June 9, 2014

The No Nonsense Guide to Cost Reduction for Clever Business Leaders

In order to reduce or just control your costs you’ll need to start with knowing what they are. This sounds easy, but actually there are certain important things that are often not measured. Here’s a practical list to help you:

What you need to measure

  1. Money

    A Pareto Analysis of where the money is being spent. 80% of your cost goes on the top 20% of costs, so after people and materials, what else is taking your money? And within materials, again what is the top 20%. Savings made on these top 20% will give you the biggest benefit, and investigating, negotiating, shopping around on these will be worth your time. Banning biscuits and post-its will not give you anything like such a big payback, and will only demotivate people and make them less productive!
  2. Productivity

    Productivity of people is something that you would ideally measure. If you could compare one against another you could work out WHY some people are producing more (remember it may not be their fault!) as well as taking action in focused problem areas, rather than having blanket reorganizations which tend to only make the good people leave. And remember that measuring the hours people work doesn’t help much: productivity is not at all the same as hours worked – in fact it’s the inverse because people who work shorter hours to produce the same outcome are more productive.
  3. Time

    Percentage of time wasted, and on what. Since people are probably your biggest cost, and this money only gets you their time, it follows that their time is your most valuable asset. And I expect most people would say that they waste 20% of their day, maybe more, mostly because of systems, communication, information and equipment not being as efficient as they could be. If you had facts you could work out whether investment in equipment or management time was worthwhile.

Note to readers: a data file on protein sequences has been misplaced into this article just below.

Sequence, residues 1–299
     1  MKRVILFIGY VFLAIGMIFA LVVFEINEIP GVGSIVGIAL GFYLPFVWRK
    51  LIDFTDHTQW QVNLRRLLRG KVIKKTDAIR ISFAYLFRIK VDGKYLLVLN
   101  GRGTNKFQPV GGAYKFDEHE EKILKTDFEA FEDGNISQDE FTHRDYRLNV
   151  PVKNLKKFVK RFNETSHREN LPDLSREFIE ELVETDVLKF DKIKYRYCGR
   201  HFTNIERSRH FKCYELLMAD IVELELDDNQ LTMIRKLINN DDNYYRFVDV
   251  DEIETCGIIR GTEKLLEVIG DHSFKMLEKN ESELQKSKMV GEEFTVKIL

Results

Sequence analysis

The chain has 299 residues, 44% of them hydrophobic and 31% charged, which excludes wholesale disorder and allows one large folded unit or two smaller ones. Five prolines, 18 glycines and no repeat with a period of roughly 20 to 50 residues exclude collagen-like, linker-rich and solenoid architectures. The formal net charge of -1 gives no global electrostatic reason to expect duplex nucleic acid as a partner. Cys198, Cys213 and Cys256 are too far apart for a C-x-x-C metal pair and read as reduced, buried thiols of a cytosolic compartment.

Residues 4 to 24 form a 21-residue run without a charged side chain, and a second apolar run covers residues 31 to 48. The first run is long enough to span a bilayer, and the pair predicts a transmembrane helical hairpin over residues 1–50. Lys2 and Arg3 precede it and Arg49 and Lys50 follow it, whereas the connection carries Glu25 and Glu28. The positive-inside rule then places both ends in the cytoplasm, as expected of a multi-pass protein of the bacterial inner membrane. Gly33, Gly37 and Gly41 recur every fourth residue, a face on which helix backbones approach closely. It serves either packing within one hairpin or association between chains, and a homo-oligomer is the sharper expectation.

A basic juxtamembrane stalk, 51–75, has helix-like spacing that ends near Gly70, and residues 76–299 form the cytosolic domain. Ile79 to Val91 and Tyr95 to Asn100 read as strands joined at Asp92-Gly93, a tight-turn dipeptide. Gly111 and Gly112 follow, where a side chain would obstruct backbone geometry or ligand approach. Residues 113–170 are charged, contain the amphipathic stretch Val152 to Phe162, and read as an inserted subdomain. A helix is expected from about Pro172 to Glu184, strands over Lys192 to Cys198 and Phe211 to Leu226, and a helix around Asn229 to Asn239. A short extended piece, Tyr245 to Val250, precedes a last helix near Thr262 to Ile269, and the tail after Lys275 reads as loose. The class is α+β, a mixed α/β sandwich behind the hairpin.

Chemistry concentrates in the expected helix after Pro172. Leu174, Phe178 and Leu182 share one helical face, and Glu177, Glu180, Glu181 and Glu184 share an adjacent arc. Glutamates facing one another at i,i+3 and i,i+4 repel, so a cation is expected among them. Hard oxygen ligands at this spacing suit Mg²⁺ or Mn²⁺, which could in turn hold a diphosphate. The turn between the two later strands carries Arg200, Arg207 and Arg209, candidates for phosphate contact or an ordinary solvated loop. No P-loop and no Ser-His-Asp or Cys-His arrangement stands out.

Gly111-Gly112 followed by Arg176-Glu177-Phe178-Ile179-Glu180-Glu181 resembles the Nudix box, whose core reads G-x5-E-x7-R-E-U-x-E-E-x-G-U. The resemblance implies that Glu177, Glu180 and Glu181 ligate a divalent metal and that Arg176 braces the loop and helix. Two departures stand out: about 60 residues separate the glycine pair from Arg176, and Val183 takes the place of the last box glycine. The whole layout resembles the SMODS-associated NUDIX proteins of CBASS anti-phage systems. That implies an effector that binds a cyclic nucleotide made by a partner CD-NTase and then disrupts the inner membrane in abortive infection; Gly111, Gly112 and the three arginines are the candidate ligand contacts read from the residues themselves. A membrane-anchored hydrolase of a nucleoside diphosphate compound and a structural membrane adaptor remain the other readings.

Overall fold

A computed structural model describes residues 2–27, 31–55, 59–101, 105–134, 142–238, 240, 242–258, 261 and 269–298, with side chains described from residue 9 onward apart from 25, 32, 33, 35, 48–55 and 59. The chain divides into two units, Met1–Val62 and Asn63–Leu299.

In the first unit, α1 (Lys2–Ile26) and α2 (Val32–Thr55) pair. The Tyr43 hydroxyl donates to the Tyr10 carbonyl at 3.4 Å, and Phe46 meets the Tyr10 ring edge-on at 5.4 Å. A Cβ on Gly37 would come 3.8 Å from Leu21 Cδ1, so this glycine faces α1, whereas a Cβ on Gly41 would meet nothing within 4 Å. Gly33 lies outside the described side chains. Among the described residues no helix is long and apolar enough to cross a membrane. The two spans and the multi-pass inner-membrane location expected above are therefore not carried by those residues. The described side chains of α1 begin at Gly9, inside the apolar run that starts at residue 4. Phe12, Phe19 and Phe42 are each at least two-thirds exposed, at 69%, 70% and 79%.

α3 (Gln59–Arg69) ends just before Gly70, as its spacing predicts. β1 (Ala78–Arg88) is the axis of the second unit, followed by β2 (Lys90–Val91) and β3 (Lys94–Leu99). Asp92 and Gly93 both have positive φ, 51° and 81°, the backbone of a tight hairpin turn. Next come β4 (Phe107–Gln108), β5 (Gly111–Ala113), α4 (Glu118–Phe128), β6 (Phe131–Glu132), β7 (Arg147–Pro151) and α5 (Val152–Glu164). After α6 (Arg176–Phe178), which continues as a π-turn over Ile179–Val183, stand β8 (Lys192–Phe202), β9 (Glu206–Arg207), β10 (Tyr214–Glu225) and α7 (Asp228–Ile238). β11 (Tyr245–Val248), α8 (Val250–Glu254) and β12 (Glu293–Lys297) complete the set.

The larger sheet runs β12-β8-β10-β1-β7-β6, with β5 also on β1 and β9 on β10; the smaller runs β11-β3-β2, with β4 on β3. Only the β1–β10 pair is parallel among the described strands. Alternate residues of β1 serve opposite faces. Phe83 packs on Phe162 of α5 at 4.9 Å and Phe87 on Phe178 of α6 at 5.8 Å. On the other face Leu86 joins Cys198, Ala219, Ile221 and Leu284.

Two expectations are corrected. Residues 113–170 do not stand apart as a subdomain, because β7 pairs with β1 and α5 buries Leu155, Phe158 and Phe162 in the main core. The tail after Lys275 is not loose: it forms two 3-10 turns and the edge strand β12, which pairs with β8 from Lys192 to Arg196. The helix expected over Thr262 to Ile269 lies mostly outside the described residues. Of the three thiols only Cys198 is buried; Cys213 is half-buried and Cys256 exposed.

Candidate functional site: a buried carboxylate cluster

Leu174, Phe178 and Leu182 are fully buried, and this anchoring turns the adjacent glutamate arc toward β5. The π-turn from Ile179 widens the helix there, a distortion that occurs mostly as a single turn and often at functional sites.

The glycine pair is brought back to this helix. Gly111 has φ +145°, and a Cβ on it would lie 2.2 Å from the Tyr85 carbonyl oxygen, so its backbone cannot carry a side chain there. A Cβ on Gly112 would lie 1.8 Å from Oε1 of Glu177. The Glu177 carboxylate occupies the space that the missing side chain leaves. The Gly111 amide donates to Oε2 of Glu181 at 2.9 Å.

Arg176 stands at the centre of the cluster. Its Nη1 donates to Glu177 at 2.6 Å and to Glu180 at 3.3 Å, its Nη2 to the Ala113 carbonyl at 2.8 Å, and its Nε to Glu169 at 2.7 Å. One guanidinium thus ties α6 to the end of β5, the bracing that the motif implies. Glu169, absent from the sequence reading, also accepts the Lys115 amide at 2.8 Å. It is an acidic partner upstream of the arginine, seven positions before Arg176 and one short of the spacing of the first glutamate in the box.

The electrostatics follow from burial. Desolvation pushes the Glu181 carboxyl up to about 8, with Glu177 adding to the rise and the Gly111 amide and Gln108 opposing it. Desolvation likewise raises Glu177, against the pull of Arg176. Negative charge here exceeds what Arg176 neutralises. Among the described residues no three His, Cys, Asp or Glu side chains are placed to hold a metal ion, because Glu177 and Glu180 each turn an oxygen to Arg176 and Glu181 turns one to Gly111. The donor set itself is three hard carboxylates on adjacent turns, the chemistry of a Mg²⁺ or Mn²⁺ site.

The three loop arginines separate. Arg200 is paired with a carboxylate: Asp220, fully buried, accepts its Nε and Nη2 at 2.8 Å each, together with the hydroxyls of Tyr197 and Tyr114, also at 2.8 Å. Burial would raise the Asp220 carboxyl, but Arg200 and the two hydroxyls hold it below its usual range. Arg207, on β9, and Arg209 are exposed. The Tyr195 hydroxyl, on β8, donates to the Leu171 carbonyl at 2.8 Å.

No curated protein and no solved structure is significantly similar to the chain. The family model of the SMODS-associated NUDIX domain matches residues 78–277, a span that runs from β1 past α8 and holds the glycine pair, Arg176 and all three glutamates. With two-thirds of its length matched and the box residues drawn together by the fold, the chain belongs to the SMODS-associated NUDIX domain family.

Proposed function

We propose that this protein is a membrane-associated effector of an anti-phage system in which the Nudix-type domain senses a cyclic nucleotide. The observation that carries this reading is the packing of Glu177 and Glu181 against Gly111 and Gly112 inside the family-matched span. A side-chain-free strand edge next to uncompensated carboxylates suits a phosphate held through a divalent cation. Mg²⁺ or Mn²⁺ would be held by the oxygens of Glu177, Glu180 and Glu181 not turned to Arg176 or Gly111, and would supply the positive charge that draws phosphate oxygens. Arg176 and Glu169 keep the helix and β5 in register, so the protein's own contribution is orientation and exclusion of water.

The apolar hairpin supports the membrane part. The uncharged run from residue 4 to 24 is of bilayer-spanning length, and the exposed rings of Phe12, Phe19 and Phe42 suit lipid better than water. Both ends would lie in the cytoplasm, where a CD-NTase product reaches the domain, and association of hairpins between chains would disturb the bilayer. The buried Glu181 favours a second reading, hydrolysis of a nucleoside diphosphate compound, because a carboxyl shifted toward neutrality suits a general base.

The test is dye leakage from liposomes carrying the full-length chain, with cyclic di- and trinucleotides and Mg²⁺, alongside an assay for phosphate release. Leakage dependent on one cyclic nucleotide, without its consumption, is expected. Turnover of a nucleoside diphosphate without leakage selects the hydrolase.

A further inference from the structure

4. Efficiency

    Hours spent on tendering, meetings, IT problems, managing queues, duff information, etc. These categories aren’t exactly waste, but they can often represent inefficiency. So if you were able to measure the actual time spent on writing tender documents and then reviewing incoming tenders, for example, you could work out whether this was costing you more than you save, or not. Similarly, if you (and the participants) knew the actual cost of a meeting they might be inclined to reduce the number and duration of some of them. Managing queues is often more expensive than getting the extra resource needed to get rid of them – you have to progress chase some of the queued jobs, apologise to waiting customers, etc. And tracking down duff information in the system and putting it right takes a bit of time but probably saves you time in the end – but it’s never measured.